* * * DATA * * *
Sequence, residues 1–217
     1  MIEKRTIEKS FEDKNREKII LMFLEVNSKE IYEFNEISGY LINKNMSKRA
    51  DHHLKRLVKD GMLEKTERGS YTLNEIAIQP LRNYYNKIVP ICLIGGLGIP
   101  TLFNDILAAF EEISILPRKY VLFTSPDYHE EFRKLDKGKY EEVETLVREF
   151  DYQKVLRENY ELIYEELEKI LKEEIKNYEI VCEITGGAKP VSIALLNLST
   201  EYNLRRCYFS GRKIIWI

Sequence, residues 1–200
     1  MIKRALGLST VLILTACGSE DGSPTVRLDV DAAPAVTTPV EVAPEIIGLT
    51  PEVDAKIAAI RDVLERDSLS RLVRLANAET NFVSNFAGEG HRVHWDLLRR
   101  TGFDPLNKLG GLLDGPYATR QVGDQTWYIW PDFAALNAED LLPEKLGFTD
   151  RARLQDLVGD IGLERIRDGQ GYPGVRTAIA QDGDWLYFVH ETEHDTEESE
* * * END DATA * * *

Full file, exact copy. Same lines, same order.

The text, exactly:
Sequence, residues 1–217
     1  MIEKRTIEKS FEDKNREKII LMFLEVNSKE IYEFNEISGY LINKNMSKRA
    51  DHHLKRLVKD GMLEKTERGS YTLNEIAIQP LRNYYNKIVP ICLIGGLGIP
   101  TLFNDILAAF EEISILPRKY VLFTSPDYHE EFRKLDKGKY EEVETLVREF
   151  DYQKVLRENY ELIYEELEKI LKEEIKNYEI VCEITGGAKP VSIALLNLST
   201  EYNLRRCYFS GRKIIWI

Sequence, residues 1–200
     1  MIKRALGLST VLILTACGSE DGSPTVRLDV DAAPAVTTPV EVAPEIIGLT
    51  PEVDAKIAAI RDVLERDSLS RLVRLANAET NFVSNFAGEG HRVHWDLLRR
   101  TGFDPLNKLG GLLDGPYATR QVGDQTWYIW PDFAALNAED LLPEKLGFTD
   151  RARLQDLVGD IGLERIRDGQ GYPGVRTAIA QDGDWLYFVH ETEHDTEESE